As part of an exhibit project sponsored in part by the Department of State, Division of Historical Resources and the State of Florida, two of the largest and most recognizable artifacts at the St. Augustine Lighthouse & Museum are currently undergoing a little extra conservation.

Visitors to the lighthouse have seen two cannons outside of the Keeper’s House for the last few years. The 4-pound long gun and the 9-pound carronade were excavated in the summer of 2011 from the “Storm Wreck” by the Lighthouse Archaeological Maritime Program (LAMP). Shortly thereafter, they were delivered to the lighthouse with a number of other artifacts.

Setting up the gantry to move the 4-pound gun.

The guns were then mechanically cleaned with hammers, chisels and pneumatic airscribes to remove the outer layers of sediment and marine growth, called concretion. Removing this material significantly speeds up the next step of the conservation process. When the artifacts are as clean as can be without being damaged, they are put into electrolysis.

The electrolysis process consists of putting the artifact in an electrolyte solution and running an electrical current into the object. This helps remove salt from the metal and helps inhibit future corrosion. The amount of chlorides in the solution are monitored by titration testing. This allows us to see when the solution needs to be changed and when the artifact is done.

That step is where the long gun and the carronade have been for the past three years.

The long gun strapped and moved into position.

In order to further speed up the process, the concretion from inside the bore is now being removed. The front of the muzzle was airscribed and cleaned in order to take accurate measurements of the bore diameter. Using these measurements, a large hollow-core drill bit was custom-made by Xynides Boat Yard (located here in St. Augustine, Fla.) to fit into the bore and help chisel out the concretion.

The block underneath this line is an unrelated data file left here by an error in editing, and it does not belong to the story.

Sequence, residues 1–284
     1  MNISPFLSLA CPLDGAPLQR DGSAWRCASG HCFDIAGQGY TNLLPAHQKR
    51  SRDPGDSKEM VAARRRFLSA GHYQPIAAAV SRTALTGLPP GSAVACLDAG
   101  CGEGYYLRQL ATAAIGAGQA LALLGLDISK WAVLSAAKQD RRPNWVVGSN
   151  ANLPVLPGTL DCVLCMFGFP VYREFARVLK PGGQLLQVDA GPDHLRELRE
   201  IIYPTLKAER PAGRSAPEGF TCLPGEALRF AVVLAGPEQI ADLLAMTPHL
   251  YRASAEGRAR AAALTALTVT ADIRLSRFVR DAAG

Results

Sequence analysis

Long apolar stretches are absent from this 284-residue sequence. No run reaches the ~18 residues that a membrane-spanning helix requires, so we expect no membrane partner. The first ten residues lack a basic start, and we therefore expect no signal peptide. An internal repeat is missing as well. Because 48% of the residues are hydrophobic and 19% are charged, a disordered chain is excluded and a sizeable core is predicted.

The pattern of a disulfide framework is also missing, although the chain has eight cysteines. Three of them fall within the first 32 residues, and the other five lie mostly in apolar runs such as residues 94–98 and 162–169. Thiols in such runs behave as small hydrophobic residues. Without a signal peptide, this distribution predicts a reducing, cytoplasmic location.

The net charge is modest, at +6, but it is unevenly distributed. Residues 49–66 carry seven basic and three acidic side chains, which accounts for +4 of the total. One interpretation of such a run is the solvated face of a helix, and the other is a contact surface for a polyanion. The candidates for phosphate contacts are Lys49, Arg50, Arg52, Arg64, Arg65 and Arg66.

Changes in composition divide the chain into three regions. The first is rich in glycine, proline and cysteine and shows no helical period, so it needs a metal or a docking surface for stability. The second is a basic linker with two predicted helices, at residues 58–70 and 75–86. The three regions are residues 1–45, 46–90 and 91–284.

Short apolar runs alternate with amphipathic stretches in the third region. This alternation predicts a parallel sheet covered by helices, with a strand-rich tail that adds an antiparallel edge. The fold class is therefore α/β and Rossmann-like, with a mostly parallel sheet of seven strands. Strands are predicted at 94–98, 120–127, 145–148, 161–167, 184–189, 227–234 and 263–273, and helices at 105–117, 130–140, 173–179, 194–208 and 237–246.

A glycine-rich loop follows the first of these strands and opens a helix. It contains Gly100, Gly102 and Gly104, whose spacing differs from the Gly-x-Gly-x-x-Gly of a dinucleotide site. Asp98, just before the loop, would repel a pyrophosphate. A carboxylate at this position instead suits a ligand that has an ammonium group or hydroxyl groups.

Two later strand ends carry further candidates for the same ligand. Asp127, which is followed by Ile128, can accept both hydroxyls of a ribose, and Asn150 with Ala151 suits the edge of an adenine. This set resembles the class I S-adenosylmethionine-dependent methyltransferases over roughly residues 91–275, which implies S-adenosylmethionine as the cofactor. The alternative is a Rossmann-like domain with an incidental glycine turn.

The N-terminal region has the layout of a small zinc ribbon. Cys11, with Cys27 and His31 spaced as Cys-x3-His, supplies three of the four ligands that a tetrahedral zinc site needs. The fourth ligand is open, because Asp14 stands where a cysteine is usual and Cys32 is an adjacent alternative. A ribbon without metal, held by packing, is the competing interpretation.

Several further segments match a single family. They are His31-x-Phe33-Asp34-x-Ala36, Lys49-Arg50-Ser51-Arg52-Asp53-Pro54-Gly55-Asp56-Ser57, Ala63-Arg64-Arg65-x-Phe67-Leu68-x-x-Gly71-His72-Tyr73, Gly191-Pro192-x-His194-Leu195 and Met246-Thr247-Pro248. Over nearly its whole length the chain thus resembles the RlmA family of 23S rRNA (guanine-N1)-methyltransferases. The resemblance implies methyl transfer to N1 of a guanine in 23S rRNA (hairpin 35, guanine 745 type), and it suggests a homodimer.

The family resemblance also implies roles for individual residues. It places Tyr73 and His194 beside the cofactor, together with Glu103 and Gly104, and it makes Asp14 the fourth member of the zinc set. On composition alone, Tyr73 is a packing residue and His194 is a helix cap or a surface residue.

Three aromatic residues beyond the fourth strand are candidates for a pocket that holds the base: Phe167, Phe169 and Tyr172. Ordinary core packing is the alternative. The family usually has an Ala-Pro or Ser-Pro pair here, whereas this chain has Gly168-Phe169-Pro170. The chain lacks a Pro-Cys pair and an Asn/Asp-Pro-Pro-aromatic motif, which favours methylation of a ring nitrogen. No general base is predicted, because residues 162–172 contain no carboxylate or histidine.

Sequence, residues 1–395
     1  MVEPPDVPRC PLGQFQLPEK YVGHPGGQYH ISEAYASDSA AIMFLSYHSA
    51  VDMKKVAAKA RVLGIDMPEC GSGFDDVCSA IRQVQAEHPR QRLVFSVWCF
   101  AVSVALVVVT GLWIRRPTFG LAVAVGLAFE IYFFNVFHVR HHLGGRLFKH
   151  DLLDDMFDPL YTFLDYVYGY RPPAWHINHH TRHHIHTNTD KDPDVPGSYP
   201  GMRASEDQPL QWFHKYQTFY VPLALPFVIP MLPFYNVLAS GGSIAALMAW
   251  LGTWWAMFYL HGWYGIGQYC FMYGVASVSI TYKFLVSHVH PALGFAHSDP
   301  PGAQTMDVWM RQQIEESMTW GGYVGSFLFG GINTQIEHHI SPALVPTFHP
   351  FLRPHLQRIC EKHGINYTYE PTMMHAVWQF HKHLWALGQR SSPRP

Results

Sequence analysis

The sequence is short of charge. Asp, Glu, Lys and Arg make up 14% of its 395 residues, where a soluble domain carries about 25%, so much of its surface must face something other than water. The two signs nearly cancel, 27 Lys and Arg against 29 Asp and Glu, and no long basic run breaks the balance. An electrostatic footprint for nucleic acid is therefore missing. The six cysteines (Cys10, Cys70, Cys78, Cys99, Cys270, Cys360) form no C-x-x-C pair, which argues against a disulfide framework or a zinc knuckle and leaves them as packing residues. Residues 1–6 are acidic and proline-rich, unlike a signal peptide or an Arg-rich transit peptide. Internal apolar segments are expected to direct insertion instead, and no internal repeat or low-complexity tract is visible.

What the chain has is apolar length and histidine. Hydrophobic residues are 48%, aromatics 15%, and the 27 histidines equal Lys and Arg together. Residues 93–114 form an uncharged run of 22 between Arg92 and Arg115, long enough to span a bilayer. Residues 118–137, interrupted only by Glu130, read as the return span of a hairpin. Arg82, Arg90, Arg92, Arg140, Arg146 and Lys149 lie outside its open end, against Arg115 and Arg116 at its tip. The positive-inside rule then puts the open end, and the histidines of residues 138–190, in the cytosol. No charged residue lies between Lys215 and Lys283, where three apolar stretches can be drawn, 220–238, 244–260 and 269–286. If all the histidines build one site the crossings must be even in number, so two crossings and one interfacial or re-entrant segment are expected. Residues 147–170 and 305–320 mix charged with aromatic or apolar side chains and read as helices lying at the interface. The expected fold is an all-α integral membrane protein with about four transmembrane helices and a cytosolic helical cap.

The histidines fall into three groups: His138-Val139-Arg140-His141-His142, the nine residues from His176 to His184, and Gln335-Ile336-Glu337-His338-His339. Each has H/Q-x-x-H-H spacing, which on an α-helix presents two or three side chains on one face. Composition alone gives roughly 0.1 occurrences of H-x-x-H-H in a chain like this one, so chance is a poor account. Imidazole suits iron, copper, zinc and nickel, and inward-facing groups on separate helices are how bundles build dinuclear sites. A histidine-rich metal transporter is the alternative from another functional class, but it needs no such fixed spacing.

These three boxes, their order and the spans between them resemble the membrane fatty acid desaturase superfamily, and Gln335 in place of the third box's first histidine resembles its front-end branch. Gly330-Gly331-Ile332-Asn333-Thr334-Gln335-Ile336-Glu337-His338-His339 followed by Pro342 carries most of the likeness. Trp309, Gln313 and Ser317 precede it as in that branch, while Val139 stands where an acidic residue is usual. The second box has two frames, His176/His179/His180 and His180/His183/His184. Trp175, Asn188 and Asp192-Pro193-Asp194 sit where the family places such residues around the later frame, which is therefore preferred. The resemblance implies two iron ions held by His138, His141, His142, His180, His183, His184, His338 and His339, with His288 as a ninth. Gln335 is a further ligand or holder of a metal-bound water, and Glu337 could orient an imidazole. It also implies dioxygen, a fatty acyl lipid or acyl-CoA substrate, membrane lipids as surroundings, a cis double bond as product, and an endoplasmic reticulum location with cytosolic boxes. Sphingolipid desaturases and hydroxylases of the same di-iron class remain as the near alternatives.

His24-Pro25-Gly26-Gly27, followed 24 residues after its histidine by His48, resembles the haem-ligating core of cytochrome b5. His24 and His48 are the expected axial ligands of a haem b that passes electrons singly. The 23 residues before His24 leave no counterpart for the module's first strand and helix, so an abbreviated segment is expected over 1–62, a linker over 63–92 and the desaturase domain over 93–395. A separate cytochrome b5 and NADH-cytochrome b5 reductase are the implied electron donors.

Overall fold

The drill bit was screwed onto a metal shaft and a heavy, almost solid pipe slid onto the shaft to act as a slide hammer. By sliding the hammer forward and hitting the back of the drill bit it would slowly chip away the concretion and by sliding the hammer back it would release out of the bore.

This process took a number of days pulling the cannon out with the gantry, working on the bore and then putting it back into solution. While the drilling and chiseling was very hard work, the thick concretion was fortunately concentrated at the front end of the muzzle. Once the drill bit was able to break through the hardened section, the remaining debris was mostly clay and soft silt and was very easy to remove. Any remaining sediment will now be cleaned using a solid bar anode placed down the center of the bore.

Using the slide hammer and drill bit.

Sadly, after removing and cleaning nearly all of the bore, it is evident the long gun was not loaded. However, we do have other cannonballs recovered from the “Storm Wreck.”

Now that the 4-pound cannon has been cleaned, the next step is to move the gantry and start the whole process over again with the carronade.

At this point, we are planning to begin cleaning the 9-pound gun around the second week of November. Stay tuned for further details or come by and see the conservation process up close!

Andrew Thomson is the Assistant Conservator for the St. Augustine Lighthouse & Museum. He received his graduate degree and training from the Conservation Research Laboratory at Texas A&M.